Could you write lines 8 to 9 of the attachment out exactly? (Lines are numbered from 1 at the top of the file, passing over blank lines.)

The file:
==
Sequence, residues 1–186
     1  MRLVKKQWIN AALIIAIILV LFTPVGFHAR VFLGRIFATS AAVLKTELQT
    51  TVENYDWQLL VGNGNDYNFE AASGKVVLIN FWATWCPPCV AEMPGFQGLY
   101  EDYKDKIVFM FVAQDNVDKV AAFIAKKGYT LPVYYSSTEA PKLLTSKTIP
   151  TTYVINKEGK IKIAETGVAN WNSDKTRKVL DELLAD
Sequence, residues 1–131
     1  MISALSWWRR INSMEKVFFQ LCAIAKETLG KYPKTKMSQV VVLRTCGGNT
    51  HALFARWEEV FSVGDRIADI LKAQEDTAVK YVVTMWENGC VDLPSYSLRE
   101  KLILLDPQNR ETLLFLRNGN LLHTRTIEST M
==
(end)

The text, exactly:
    51  HALFARWEEV FSVGDRIADI LKAQEDTAVK YVVTMWENGC VDLPSYSLRE
   101  KLILLDPQNR ETLLFLRNGN LLHTRTIEST M